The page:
Tsatsu Tsikata, a leading member of the governing National Democratic Congress (NDC), has taken on opposition flagbearer Nana Akufo-Addo over his comments at the Institute of Economic Affairs (IEA)-organized presidential debate Wednesday, describing his words on the Ivory Coast as potentially dangerous for Ghana.
Akufo-Addo criticized the NDC administration for not doing enough to foster good cooperation with Ghana's neighbours, citing a UN report accusing Ghana of having allowed insurgents to use its territory while planning subversive actions against the constitutionally elected government in the Ivory Coast.
If elected President, Akufo-Addo promised to end the “dzi wo fie asem” (mind your own business) foreign policy introduced by the NDC. The current approach, he claimed, has damaged Ghana’s image internationally to the extent that other countries suspected Ghana of harbouring dissidents seeking to destabilise neighbouring countries.
But President Mahama swiftly countered the claim, emphasizing that his government would not allow its territories to be used to foment trouble in any country.
Speaking Thursday on the Super Morning Show on Joy FM, Mr. Tsatsu Tsikata criticized Akufo-Addo’s delicate comments.
“When in relation to Ivory Coast [Nana Addo] tried to raise issues which really were sort of tending to create tension and so on, between states, and it seems to me unfortunate especially, when there are issues of national security involved.”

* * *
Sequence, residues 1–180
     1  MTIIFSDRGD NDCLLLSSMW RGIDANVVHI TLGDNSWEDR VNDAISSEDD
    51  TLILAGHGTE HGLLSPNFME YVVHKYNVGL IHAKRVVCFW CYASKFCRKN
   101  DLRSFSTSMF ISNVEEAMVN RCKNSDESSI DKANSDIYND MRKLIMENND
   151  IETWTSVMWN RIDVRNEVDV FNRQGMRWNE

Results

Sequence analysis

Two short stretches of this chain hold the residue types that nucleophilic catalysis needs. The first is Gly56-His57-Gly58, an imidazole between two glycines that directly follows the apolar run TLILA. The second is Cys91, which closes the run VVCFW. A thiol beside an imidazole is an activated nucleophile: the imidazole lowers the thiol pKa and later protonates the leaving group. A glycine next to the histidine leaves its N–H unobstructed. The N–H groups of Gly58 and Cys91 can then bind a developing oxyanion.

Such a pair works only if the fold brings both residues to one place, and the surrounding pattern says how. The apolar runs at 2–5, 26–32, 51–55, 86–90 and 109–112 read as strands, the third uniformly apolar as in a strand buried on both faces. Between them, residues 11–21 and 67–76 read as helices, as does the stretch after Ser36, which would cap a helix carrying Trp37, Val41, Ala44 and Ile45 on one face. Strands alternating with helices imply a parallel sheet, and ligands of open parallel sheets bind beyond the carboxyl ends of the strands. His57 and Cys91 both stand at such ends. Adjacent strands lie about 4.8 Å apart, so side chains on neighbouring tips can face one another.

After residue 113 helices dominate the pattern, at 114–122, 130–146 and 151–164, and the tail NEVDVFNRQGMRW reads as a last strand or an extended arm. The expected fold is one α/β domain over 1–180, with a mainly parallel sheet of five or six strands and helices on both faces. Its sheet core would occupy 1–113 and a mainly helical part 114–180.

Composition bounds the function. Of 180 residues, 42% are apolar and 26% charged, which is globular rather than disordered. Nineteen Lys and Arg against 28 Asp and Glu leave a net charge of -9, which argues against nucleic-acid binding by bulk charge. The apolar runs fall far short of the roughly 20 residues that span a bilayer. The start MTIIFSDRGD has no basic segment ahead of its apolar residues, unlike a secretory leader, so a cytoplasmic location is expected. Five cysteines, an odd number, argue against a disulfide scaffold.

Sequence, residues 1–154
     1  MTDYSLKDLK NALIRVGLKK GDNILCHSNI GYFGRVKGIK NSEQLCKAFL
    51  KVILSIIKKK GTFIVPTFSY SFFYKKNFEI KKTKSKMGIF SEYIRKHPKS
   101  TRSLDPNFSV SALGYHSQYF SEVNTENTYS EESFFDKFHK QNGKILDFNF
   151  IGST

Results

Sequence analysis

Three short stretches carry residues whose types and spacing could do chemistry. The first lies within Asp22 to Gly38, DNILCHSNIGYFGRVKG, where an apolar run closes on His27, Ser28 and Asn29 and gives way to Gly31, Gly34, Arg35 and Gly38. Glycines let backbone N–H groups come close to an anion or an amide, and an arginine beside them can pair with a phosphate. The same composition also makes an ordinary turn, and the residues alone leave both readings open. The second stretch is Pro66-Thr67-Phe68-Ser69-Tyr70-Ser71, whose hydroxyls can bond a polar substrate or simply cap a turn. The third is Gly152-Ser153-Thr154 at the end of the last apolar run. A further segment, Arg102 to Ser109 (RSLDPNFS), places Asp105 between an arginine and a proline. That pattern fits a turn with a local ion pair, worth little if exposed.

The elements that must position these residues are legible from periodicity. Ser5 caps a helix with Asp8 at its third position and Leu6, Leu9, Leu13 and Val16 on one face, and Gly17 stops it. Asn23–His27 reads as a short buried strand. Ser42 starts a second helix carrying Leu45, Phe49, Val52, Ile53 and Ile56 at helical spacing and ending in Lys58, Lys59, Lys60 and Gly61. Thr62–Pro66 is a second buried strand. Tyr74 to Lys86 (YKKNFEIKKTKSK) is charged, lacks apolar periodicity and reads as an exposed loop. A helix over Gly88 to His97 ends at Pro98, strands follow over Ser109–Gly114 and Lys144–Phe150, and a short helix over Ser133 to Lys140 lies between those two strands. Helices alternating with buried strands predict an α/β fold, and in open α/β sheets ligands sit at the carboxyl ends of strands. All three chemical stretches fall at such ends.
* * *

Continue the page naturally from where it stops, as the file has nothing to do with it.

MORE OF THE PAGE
He continued, “you undermine your national sovereignty when you begin - at the kind of a forum - attacking your opponent on a matter involving the security of Ghana’s neigbours.
On the other hand, he said, President Mahama demonstrated maturity by responding to the issue in a manner that he says prevented a diplomatic row.
In a related development, Economic Development and Policy Analyst Dr. Theophilus Richardson has expressed his dissatisfaction with the conduct of PNC flagbearer Hassan Ayariga, whom he accused of attempting to turn the stage "into a joke".
Dr. Richardson suggested the IEA empowers the moderators in future debates, to cut in and bring candidates back on track when they deviate from the topic at hand.
According to him, the Accra event, which was the third and final debate ahead of the December polls, failed to live up to the hype; this he said could be attributed to the death of former Vice President Alhaji Aliu Mahama, which took the shine out of the event.